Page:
I have slowly been building on my run in the last couple of months, but it is still a work in progress in order to avoid making any more damage on those Achilles tendons. Hence I have had a lot of focus on my bike, and since Mallorca is like paradise on a bike and the weather has been the best Easter weather ever this has been the perfect combination.

Looking back through my data over the last year or so, all my best efforts are made within the last few weeks and months. This picture from my SRM training log pretty much sums up the work I have been putting in on the bike over the last weeks.

camp mallorca srm

There is just one more day of pretty easy training left before the girl and I are heading back home. We have had a perfect stay in the Ferrer hotels here in Mallorca, and I feel very much ready to take on the world class field in St. George…

Train safe!

 

Update from winter training camp in Lanzarote

I am almost at the end of winter training camp in Club La Santa and I have been putting in a ton of work down here. At first I was preparing to race in Abu Dhabi on March 15th for the big money race they have, but unfortunately I was unable to get an entry into the race as they suddenly were at full capacity for their pro entries.

Since there was no way I was getting to the start line in AD we decided to ease back on the run training to give my Achilles some more rest, as it wasn’t fully recovered after the issues I had around IM Western Australia. Things are definitely moving in the right direction right now, but my main focus for this year is not until October and I will do everything possible to be as well prepared as I can when I toe the line in Kona. That also means taking care of any issues now, when there is still plenty of time. I am still not qualified for Kona, but my victory from Ironman Japan has put me a long way towards the qualification and I intend to secure the last points needed by racing (at least) 3 Ironman 70.3 races during spring and summer. Hopefully those points will also be able to put me on the start line for 70.3 World Champs in Canada as well, as that is a second goal for me this year.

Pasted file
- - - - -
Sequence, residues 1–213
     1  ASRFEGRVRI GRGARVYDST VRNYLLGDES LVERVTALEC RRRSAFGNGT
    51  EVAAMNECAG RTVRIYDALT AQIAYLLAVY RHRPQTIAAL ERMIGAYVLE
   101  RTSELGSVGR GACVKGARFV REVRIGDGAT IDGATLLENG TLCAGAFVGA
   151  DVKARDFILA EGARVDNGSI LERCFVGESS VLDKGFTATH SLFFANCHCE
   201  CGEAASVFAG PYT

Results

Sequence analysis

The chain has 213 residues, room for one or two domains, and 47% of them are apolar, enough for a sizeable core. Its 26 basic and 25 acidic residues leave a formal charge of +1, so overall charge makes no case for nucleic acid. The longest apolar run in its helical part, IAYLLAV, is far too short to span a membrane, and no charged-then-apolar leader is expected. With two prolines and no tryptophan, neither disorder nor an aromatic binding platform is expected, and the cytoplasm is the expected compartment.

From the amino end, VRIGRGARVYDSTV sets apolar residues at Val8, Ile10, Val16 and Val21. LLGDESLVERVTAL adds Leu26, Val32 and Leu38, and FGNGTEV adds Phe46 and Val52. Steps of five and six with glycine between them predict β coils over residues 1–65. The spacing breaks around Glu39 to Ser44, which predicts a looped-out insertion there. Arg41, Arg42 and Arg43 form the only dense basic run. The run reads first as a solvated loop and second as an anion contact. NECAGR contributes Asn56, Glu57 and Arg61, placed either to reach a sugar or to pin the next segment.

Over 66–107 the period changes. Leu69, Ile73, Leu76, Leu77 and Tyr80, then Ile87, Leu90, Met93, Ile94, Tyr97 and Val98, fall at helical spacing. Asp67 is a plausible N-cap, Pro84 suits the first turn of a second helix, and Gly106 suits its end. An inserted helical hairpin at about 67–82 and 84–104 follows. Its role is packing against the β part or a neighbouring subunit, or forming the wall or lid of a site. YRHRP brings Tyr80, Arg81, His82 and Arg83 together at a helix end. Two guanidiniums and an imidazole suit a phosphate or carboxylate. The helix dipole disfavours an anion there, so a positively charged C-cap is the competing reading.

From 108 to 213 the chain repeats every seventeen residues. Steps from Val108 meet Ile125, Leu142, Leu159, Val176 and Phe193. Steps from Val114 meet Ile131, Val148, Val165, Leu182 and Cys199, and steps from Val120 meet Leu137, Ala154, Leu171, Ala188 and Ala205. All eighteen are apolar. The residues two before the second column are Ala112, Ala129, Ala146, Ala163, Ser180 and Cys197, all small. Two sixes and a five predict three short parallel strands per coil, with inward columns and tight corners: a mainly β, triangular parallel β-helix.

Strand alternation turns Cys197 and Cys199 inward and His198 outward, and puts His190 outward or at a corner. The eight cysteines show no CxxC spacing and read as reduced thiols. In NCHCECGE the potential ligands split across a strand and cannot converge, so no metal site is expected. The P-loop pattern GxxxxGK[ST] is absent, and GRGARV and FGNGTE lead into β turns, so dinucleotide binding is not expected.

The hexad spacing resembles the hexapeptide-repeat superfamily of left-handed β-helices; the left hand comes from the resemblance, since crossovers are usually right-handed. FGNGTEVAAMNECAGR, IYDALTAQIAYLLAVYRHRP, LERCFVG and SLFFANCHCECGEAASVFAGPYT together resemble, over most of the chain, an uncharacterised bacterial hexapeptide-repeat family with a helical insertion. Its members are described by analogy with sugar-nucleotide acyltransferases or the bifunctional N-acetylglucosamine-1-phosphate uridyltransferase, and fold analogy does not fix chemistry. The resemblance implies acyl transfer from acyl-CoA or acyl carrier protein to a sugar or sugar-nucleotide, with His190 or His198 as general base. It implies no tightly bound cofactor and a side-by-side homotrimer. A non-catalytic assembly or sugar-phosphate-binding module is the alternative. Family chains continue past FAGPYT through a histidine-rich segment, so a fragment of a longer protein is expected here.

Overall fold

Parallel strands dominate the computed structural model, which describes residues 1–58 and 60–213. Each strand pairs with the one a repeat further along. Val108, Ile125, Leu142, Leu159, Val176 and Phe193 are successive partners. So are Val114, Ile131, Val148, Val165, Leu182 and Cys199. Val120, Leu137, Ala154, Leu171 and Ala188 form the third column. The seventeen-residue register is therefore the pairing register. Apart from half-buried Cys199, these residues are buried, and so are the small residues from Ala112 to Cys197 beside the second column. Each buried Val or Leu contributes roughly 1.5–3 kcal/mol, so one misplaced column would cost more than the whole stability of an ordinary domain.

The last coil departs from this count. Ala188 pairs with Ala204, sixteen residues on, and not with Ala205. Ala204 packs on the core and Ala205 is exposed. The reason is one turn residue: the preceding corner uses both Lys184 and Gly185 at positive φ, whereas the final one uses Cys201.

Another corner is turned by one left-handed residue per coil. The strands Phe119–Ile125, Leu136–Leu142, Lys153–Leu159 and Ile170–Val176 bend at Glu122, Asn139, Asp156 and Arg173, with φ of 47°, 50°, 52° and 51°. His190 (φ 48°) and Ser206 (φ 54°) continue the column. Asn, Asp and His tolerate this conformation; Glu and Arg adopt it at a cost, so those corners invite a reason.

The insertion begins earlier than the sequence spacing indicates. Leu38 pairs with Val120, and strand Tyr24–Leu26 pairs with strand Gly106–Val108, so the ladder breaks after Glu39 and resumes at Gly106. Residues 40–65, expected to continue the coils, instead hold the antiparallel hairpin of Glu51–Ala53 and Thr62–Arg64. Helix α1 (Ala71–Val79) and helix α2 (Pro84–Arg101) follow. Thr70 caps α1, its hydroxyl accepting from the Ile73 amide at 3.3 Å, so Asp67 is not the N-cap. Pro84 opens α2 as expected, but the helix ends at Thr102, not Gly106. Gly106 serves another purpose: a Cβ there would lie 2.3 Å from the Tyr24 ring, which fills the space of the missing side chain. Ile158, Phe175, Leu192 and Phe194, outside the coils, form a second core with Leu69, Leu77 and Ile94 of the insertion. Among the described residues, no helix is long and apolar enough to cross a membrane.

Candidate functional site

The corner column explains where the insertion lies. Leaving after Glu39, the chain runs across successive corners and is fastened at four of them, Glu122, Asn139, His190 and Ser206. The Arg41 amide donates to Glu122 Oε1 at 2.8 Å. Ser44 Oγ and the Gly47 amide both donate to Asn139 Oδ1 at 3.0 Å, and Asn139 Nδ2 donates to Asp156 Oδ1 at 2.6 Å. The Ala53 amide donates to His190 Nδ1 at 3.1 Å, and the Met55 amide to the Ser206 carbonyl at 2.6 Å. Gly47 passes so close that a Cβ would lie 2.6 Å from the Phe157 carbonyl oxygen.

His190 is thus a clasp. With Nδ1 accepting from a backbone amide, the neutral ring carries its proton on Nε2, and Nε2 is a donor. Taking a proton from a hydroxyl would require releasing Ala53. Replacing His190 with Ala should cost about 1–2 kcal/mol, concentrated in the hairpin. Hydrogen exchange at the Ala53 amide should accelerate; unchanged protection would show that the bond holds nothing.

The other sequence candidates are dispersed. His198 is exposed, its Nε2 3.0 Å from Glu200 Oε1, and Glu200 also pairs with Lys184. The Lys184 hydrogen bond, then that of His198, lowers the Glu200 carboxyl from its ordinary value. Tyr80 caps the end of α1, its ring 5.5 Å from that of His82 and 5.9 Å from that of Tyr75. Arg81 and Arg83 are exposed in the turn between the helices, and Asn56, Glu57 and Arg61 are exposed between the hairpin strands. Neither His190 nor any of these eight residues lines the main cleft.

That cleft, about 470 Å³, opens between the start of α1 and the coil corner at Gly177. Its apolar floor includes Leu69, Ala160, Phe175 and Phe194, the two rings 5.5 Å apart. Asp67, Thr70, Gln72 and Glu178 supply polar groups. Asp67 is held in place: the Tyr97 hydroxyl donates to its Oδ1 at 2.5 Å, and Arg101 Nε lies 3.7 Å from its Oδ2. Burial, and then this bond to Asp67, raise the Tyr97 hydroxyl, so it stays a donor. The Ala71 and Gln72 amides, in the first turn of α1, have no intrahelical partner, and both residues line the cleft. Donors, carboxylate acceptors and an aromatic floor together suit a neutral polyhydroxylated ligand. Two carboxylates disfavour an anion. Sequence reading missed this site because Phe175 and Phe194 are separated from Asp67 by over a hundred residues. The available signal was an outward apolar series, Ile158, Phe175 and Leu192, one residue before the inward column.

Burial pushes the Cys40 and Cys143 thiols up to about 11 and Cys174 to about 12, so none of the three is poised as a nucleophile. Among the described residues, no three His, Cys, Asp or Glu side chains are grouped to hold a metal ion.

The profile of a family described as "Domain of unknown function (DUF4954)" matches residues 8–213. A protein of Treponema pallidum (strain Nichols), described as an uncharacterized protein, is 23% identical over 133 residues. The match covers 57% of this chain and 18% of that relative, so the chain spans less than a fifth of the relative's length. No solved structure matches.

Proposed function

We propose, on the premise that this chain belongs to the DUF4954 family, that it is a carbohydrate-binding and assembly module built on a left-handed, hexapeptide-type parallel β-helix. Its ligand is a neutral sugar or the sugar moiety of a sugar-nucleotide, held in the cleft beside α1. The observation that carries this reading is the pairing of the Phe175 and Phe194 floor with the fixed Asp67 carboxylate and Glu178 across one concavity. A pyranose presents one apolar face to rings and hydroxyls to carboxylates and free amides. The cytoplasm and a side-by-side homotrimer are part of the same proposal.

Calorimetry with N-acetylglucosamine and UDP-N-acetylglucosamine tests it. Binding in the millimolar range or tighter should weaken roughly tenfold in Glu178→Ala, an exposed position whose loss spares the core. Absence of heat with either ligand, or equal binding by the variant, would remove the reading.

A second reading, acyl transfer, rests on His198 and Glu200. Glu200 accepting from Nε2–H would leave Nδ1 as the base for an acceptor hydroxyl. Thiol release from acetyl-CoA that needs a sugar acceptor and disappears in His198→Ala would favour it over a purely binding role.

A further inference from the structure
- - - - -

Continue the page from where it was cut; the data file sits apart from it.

I already have a few races on my mind that I want to do this year, but generally we will plan as the year goes. I’ll race when I’m fit and ready to run for the win, but a few of the races that a certainly in my mind is 70.3 Aarhus where I can race for Kona points a short 100km drive away from home and 70.3 Racine where I will be returning as the current champion. Other than that we are looking at different options to get those points needed.

My camp here in Club La Santa has been really good. CLS offers perfect conditions for putting in the training while weather in Europe is tough. I have had good company during my camp from both the Danish National team and some of my AG athletes that I coach. I also had Mette come down here for 2 weeks, and we used the rest days to go around the island and see some of the things that I ride by every day.

2014-02-24 14.09.45

 

New year – new beginning

The end of 2013 also marked the end of my long running partnership with ECCO. I have received tremendous support from the whole crew at ECCO throughout the last three years, and it has been a pleasure to work with such a big company. The support that I received during my year long injury due to my stress fracture showed a company that really cared, and it meant the world to me during the tough times.